Zeolite is the mineral that ZeoSand is made from. Compared to the standard sand of a filter, you can get away with using half as much of ZeoSand in the filter. Since ZeoSand is shaped like a crystal, it is easier for it to catch tiny contaminants. This enables the water to be clearer, and you won’t need to backwash as much. You should get a lifespan of roughly 5 years out of ZeoSand, which is about the same lifespan as silica.
Filter glass is recycled glass that is crushed. Since the crushing is done in a fine way, there is no risk of cuts because it feels quite smooth. There is a negative electrical charge coming from the glass, causing it to attract iron, manganese, and other positively charged particles. Because of this, you can reduce the filter glass amount needed by around 20%. Meanwhile, it can filter debris particles which are only 5 microns in size. Compared to pool sand, filter glass has a 3 times greater longevity.
Cartridge filters may cost more than sand filters, but they’re more effective and simpler to maintain if you have a smaller pool.
The tank has a plastic cylinder inside of it. Each end of the cylinder has a cap on it. Pleated polyester media surrounds it too. When the pleats of the tank receive the water flow, the filter captures small debris that is 10 microns or more. Once the water is successfully filtered, the newly cleaned water flows to the pool again.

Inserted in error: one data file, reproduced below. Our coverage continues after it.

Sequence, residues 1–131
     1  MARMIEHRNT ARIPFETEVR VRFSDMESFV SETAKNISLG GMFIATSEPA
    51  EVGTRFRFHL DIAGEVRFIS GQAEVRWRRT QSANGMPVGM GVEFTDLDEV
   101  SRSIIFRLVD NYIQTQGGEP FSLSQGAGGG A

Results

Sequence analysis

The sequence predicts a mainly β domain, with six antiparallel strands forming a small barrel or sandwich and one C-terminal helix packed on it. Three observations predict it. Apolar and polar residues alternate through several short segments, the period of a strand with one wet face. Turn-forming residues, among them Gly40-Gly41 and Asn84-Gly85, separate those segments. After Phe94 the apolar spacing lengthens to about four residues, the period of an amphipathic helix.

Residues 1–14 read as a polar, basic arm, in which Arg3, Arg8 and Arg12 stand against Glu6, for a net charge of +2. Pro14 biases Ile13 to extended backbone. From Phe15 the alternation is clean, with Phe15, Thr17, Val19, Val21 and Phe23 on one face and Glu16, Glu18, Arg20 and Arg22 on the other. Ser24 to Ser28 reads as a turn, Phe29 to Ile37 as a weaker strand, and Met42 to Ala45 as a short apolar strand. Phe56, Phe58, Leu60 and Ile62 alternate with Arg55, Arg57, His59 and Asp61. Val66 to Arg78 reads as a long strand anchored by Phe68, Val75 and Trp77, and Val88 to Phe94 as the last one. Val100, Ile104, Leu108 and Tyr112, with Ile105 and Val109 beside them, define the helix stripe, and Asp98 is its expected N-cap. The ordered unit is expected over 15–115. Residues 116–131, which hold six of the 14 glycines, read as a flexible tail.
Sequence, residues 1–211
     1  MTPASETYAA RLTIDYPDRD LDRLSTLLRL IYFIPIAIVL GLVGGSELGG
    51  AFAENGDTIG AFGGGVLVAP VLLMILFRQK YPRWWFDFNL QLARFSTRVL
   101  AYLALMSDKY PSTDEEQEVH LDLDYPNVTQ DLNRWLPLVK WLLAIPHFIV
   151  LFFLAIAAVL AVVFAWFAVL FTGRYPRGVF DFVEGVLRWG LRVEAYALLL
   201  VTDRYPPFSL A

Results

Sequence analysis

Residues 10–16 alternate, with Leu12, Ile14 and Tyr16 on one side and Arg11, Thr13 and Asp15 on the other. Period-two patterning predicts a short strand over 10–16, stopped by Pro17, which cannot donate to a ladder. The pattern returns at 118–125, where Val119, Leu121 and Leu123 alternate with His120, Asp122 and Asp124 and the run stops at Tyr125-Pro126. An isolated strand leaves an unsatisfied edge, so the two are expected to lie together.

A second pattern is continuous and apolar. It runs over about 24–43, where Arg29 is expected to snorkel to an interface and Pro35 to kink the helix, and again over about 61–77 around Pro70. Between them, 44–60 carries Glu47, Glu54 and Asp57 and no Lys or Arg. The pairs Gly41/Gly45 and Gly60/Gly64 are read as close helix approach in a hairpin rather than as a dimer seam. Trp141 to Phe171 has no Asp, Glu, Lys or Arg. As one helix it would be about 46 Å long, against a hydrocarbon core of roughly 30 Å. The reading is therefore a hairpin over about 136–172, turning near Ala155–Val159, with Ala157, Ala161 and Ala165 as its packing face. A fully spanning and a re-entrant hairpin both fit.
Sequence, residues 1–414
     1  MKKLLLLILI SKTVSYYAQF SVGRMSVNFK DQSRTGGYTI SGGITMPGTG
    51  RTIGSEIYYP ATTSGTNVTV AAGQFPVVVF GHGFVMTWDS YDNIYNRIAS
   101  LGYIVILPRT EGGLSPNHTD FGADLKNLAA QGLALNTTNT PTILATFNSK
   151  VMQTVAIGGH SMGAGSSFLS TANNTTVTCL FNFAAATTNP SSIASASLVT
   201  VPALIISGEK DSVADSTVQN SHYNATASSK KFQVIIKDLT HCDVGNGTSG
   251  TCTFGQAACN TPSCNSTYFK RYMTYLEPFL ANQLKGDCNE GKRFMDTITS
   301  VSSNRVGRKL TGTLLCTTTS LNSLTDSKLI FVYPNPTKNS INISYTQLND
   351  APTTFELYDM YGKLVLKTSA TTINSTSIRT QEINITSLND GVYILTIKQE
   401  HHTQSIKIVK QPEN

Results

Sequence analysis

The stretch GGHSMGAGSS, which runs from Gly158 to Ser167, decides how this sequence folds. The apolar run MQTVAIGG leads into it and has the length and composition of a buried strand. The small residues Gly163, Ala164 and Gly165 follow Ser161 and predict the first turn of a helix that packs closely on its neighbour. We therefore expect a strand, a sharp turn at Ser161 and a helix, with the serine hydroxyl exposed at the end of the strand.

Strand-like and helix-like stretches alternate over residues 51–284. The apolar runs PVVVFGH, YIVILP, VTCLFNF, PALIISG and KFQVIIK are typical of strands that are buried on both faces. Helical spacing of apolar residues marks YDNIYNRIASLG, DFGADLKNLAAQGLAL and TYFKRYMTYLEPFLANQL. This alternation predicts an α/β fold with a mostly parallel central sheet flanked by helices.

Cartridges cost less and will save you money on energy. After enough contaminants are collected in the filter, you will need to clean it out. You can do backwashing, or you can take the cartridge out of the tank and use a hose to spray away all the dirt and debris that is stuck on it.
Periodically, use a filter cleaner to spray down the filter. Then, more regularly, soak the filter in a cleaning solution that is formulated for filters. Diluted muriatic acid is often used as the cleaning solution too. Even though this will require more effort than backwashing the filter, you’ll at least conserve more water.
Diatomaceous earth filters can block very tiny particles as small as 5 microns. The downside is that these filters require more maintenance. They’re also more expensive too.
The tanks of “D.E.” filters feature special grids which have a white powdery coating. The contents of this powder include the fossilized remains of diatoms, which are small aquatic lifeforms. Silica is also found in these fossils too, but D.E. filters are still different from sand filters. You can find this white powdery substance in many common products like toothpaste, cosmetics, pest control, and more. However, this doesn’t mean you can fill your filter with pest control powder as an alternative. D.E. has been treated with heat, so this allows it to be a filtration media.
The tank of the D.E. filter has a pressure gauge which tells you when the filter should be cleaned. Usually, you can backwash D.E. filters the same as you would with sand filters. There is a bump handle on certain filter brands which allows you to remove the D.E. particles from the grids without having to backwash. But regardless of whether the filter is bumped or backwashed, additional D.E. powder should be added each time you clean it. You may have trouble figuring out the amount to add. Because of this, you should disassemble the filter manually and then clean it a minimum of one time per year.
Once the filter is cleaned, you should add more D.E. powder to the skimmer of the pool instead of to the grids.
When the D.E. enters the filter, the particles will spread evenly on top of the grids. Don’t swim until the mixture has been given some time to completely assimilate itself with the filter. One strategy is to apply the D.E. in the evening time when no one is swimming. Keep the pump turned on throughout the night.